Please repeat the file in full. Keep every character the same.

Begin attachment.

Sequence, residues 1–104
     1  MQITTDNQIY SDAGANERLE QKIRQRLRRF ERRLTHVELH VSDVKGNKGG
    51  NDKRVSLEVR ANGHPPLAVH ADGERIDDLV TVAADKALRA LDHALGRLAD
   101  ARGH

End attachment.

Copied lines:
Sequence, residues 1–104
     1  MQITTDNQIY SDAGANERLE QKIRQRLRRF ERRLTHVELH VSDVKGNKGG
    51  NDKRVSLEVR ANGHPPLAVH ADGERIDDLV TVAADKALRA LDHALGRLAD
   101  ARGH